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Tendency for dependency

Samuel Rodriguez speaks at The Heart Revolution conference on Sept. 6, 2013, in San Diego, California
Samuel Rodriguez speaks at The Heart Revolution conference on Sept. 6, 2013, in San Diego, California | (Photo: Javier Torres Studios Cornerstone Church of San Diego)

“We will never get to the front!”

I tried to reassure my daughter while struggling to imagine how this ride could possibly be worth the wait unless Harrison Ford himself sat next to us in the Temple of Doom. We were at Disneyland and the beautiful Southern California day had become hot and sticky.

“Daddy, look!” my son said. “I see a way in with no line!”

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My gaze followed his pointed finger to a nearby doorway.

“Buddy, the park reserves that entrance for people who are hurt or have physical conditions that make it hard for them to wait. People with disabilities or those with special needs use that entrance to get on the ride.”

“Well, let’s go through that door then because I have a special need. I can’t wait any longer!” he said.

“I am not sure you have the kind of special need we are talking about,” I told him. “That entrance helps people who really need help.”

“Like him?” My son pointed at a young man in a wheelchair in the row behind us. I gently lowered my son’s hand and smiled in the direction of the young man in question.

The man smiled and waved at my son. He looked like any other twenty-something at the park except that his right leg ended at the knee.

“Well, yes,” I said. “He probably could use that entrance.”

“Then why doesn’t he?” my son said.

“Excuse me, but I couldn’t help but overhear you.”

Mortified, I turned to see the young man in the wheelchair now almost directly behind us in the next row.

“Sorry,” I said. “It’s just that—”

“No problem,” the man said and smiled. “I understand. It is fine, really. I just overheard your son and wanted to answer his question if I may. My name’s Jeff, by the way.”

We shook hands, and I introduced myself and my family.

“I do not use the handicapped entrance,” Jeff said, “because I do not think of myself as handicapped. Sure, I don’t have all of my right leg, but that does not keep me from living my life. I still go to work, play basketball with my friends, and go wherever I want.”

“Like Disneyland,” my son said.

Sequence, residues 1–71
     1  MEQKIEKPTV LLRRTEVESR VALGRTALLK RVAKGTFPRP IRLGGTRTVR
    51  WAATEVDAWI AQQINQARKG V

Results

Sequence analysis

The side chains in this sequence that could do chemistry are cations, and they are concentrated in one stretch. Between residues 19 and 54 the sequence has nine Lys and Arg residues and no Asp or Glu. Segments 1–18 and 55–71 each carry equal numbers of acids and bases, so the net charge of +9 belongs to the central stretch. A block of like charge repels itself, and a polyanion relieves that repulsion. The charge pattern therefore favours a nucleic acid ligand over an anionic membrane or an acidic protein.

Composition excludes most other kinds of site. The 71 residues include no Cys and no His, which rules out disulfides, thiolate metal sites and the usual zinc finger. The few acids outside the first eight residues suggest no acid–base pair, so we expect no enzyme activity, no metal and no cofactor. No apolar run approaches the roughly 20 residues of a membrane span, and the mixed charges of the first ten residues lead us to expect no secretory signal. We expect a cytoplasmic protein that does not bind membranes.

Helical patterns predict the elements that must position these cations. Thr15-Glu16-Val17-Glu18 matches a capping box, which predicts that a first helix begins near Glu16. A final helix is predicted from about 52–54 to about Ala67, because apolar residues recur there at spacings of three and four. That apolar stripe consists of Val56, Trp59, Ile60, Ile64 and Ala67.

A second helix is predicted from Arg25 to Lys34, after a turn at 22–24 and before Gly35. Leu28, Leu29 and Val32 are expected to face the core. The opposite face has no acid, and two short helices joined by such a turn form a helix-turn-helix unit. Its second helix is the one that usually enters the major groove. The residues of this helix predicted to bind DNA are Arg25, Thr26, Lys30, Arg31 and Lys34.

“Exactly!” Jeff said. “You are only limited by the way you see your circumstances—not by the circumstances themselves.”

Our Tendency to Dependency

Our encounter with Jeff made quite the impression that day—not just on my son but on me as well.

Presumably a military veteran, our new friend Jeff had lost half his leg and consequently had to adjust to life with this new limitation. While many people might be tempted to feel entitled to take shortcuts, this young man had taken the opposite direction. He refused to see himself as a victim of circumstances.

Our tendency for dependency is nothing new. Throughout His public ministry Christ encountered people who often felt trapped by their circumstances or limited by their wounds. He frequently healed people suffering from physical, mental, and spiritual maladies. And with His love, power, and grace, Jesus exploded their excuses and ignited their initiative to live by faith, not by sight. His encounter with a man who could not walk—and who apparently did not recognize Jesus—is brief and dramatic but carries enormous implications and application for our lives today.

When Jesus saw him lying there, and knew that he had been in that condition now a long time, He said to him, “Do you want to be healed?”

The sick man answered Him, “Sir, I have no one to put me into the pool when the water is stirred. But while I am coming, another steps down before me.”

Jesus said to him, “Rise, take up your bed and walk.” Immediately the man was healed, took up his bed, and walked. John 5:6-9 MEV.

Can you relate to the kind of situation where you depend on someone else or something else for your life to change?

If we genuinely desire wellness—and I am talking about health and wholeness in all areas of our lives: physical, mental, emotional, spiritual—we must be willing to let go of the labels we have allowed to define us. We must move beyond the barriers we allow to limit us from day to day. We must choose to stop seeing ourselves as victims of our circumstances and instead start seeing our circumstances as subject to the authority and healing power of Jesus Christ! We are victors, not victims!

This article is adapted from You Are Next: Destroy What Has Paralyzed You and Never Miss Your Moment Again (Charisma House, 2019) by Rev. Samuel Rodriguez. 

Samuel Rodriguez is the president of the National Hispanic Christian Leadership Conference, the world’s largest Hispanic Christian organization. He was named among the Top 100 Christian Leaders in America by Newsmax in 2018, and Time nominated him as one of the 100 most influential people in the world in 2013. Rodriguez has advised Presidents Bush, Obama, and Trump and frequently consults with members of Congress to advance immigration and criminal justice reform as well as religious freedom initiatives. He is the best-selling author of Be Light and executive producer of two films. He likewise serves as cofounder and lead pastor of TBN Salsa. Rodriguez serves as senior pastor of New Season Christian Worship Center in Sacramento, California.

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